It therefore seems that all the affections of soul involve a body-passion, gentleness, fear, pity, courage, joy, loving, and hating; in all these there is a concurrent affection of the body. In support of this we may point to the fact that, while sometimes on the occasion of violent and striking occurrences there is no excitement or fear felt, on others faint and feeble stimulations produce these emotions, viz. when the body is already in a state of tension resembling its condition when we are angry…. From all this it is obvious that the affections of soul are enmattered formulable essences. (Aristotle, Of the Soul, 1.1)
Aristotle also quotes Democritus, for whom breath is the medium through which the soul animates the organism8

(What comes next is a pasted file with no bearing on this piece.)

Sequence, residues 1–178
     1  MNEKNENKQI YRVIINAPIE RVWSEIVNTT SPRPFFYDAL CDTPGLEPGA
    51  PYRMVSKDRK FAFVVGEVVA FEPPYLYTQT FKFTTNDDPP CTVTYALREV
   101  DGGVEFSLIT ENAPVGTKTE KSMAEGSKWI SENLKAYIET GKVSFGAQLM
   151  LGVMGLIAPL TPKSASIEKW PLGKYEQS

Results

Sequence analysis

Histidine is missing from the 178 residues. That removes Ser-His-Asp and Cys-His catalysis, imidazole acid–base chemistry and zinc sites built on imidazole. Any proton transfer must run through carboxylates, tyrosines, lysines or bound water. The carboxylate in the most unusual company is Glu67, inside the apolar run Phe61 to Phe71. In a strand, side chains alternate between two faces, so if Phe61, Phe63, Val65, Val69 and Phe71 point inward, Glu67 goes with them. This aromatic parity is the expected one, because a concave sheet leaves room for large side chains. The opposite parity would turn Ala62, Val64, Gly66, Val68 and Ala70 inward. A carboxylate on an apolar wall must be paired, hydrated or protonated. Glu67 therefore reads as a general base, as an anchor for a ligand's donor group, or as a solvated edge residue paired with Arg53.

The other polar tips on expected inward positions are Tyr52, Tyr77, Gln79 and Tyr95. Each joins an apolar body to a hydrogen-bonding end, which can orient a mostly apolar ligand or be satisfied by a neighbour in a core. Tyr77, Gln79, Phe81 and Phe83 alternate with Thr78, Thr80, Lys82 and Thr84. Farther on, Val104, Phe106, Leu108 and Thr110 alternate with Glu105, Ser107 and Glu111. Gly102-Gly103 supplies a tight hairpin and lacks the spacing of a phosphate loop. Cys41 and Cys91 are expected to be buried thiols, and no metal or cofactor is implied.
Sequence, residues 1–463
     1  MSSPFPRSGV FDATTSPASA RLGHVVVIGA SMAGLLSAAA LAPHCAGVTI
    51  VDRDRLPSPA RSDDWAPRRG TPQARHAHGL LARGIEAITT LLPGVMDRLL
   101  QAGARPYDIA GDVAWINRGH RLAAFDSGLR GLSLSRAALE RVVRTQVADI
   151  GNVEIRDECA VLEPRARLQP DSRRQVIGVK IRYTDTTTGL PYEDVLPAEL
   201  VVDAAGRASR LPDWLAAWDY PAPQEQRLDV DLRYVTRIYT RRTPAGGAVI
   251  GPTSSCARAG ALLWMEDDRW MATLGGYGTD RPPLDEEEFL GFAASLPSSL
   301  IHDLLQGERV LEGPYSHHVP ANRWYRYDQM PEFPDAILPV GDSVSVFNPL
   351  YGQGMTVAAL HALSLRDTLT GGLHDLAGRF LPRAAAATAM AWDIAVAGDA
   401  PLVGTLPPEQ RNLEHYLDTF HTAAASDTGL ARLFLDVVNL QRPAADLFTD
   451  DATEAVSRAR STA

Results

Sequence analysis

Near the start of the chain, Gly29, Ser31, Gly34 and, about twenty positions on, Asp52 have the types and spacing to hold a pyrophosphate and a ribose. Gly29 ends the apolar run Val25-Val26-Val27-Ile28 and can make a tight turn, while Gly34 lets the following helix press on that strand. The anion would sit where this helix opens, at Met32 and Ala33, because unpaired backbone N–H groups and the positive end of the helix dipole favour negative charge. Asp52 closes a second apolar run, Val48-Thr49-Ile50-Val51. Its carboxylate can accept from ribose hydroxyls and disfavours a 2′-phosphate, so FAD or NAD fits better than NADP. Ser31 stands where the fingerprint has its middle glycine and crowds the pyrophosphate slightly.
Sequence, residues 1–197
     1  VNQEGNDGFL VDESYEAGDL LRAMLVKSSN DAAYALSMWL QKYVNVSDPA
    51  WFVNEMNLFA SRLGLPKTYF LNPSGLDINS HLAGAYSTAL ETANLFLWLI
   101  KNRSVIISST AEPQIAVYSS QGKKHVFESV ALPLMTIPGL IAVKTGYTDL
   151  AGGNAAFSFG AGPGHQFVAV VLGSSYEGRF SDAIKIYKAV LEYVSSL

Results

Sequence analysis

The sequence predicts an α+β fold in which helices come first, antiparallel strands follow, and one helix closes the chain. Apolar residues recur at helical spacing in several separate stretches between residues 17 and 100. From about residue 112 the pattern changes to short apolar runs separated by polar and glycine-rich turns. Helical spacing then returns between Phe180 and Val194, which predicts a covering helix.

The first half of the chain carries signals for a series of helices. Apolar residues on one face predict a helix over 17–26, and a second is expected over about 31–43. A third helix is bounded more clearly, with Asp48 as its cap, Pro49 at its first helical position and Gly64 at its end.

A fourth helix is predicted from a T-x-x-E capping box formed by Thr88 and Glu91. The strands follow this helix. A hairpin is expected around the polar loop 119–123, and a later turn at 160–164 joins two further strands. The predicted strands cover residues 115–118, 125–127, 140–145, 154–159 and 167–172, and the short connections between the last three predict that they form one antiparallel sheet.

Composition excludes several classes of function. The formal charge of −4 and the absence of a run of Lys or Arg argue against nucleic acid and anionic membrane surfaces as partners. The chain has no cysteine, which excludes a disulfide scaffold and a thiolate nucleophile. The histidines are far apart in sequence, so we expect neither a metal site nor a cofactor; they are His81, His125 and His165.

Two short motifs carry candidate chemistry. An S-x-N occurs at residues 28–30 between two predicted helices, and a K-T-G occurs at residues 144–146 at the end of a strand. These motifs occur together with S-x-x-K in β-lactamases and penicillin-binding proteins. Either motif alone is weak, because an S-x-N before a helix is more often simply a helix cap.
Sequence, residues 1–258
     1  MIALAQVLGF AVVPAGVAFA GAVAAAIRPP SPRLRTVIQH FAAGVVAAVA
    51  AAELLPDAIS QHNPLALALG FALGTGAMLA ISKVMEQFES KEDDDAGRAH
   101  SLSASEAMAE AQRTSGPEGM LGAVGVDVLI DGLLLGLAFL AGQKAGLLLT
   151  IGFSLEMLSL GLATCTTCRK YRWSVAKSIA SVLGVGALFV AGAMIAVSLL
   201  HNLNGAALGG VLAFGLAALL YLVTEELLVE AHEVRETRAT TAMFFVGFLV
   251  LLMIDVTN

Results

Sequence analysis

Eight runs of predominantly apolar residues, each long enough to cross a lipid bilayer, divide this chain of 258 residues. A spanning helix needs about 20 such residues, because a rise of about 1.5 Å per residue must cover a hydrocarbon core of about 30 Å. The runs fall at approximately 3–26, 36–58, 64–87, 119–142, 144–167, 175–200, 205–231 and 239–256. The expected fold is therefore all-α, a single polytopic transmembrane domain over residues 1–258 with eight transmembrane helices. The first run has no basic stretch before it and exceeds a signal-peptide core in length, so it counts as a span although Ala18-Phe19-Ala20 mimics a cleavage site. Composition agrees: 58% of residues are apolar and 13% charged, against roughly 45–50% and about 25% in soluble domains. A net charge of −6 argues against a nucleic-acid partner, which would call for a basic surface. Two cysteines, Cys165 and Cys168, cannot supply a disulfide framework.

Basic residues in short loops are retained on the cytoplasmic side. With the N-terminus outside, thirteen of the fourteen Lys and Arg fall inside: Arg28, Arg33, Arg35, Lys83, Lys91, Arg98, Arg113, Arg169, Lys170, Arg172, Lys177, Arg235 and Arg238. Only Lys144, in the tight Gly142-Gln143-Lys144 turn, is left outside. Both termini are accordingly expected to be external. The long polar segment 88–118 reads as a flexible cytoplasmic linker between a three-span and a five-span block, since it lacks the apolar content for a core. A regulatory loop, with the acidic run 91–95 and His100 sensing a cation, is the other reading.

Spinoza proposed a compromise between the positions of Descartes and Aristotle. He maintains the distinction of the parallelistic dimensions, but he introduces three restrictions to the independence between soul and body:
1. There is but one universe and it obeys integrally to the laws of logic, geometry, and mathematics.
2. This implies that although the objects of the mind and the objects themselves have different properties, they both follow the same causal laws.
3. As thoughts and objects are part of the same nature, the events that unfold in each dimension are influenced by the dynamics of the universe and by its architecture.